AI, Robots and the Lump of Labor fallacy

 

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Credit: Illustration by Andrew Rae

 

The other day I was having a conversation with a friend around what AI and Machine learning would do for jobs. their argument was that advancement of machines we will end up losing our Jobs to robots, I hold a slightly different opinion I believe that technology will allow resources who can skill up to play more important roles.

In economics, the lump of labor fallacy is the idea that there is a fixed amount of work {a lump of labor} to be done within an economy which can be distributed to create more or fewer jobs. It was considered a fallacy in 1891 by economist David Frederick Schloss, who held that the amount of work is not fixed

Image result for longshoreman 1920

Inthe 1920 technology and automation destroyed a lot of jobs for longshoremen, the reason you don’t know about them is that there aren’t that many of them left. yet we never ren out of work

There have been quite a number of jobs lost in the past but we never ren out of work. some examples are Factory Workers, Railroad Workers,  Telephone operators, Elevator Attendants,  It is true that technology does displace the jobs for people doing work that has been automated but never actually reduces the total number of Jobs in the economy.  Technologies create new Jobs in a few ways there are jobs for those who create and maintain the technologies and sometimes entire new industries crop up.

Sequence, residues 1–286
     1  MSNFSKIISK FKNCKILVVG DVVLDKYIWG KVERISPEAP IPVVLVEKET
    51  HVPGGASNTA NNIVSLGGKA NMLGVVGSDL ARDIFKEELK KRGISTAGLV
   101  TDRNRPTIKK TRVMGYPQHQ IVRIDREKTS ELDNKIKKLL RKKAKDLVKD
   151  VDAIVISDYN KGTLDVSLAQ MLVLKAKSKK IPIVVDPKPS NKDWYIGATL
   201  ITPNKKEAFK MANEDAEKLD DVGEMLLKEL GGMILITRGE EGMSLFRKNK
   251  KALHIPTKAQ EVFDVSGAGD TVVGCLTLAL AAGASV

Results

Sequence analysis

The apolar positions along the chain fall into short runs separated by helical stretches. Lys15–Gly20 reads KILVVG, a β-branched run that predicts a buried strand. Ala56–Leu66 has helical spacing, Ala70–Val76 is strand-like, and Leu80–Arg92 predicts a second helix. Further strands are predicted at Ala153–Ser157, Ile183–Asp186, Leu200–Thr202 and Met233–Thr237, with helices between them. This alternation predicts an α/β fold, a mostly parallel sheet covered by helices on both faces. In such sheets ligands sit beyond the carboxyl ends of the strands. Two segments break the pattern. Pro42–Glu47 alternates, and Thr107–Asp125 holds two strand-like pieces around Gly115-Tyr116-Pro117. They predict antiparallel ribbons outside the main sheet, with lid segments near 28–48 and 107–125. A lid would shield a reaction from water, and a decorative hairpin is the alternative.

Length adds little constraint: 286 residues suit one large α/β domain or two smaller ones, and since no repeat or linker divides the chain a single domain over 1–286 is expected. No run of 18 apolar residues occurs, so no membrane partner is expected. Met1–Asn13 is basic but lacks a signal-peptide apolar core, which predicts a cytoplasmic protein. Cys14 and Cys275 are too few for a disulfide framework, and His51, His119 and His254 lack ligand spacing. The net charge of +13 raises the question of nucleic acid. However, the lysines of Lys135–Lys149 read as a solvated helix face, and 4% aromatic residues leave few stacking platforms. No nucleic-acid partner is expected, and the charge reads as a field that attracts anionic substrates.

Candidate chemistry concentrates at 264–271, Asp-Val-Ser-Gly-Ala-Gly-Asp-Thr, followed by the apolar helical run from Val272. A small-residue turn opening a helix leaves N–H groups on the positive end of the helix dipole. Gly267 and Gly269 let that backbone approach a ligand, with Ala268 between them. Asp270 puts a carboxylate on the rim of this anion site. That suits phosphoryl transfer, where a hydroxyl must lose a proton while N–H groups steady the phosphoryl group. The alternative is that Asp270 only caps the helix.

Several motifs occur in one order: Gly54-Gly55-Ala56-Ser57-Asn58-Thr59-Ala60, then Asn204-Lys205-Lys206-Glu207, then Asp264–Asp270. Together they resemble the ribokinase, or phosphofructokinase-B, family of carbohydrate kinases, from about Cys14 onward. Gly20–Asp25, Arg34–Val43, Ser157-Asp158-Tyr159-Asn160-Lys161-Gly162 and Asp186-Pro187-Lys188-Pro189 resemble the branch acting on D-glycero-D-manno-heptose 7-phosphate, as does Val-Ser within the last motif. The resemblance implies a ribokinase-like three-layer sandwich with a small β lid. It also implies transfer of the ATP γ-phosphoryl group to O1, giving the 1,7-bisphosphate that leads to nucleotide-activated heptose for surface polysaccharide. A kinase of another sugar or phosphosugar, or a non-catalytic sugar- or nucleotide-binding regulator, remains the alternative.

Today Artificial intelligence systems become very good at one thing that’s why an AI can identify a chair but it will never know what the chair is for. this is what makes humans still stand out.

But one thing we do know is that the wealth that technology creates, it isn’t necessarily shared with workers. When you account for inflation, the income of most families has stayed pretty flat as the economy has grown. One of the problems we’ve seen over the last 40 years is that we have seen all of this rising productivity growth but actually hasn’t been broadly shared, it’s been captured by a thin slice of people at the top of the income distribution. But technology isn’t destiny.
We will probably always be fascinated by the prospect of robots and AI taking over our jobs.
But if we focus on things we can’t really control, we risk neglecting the things we can.

 

 

 

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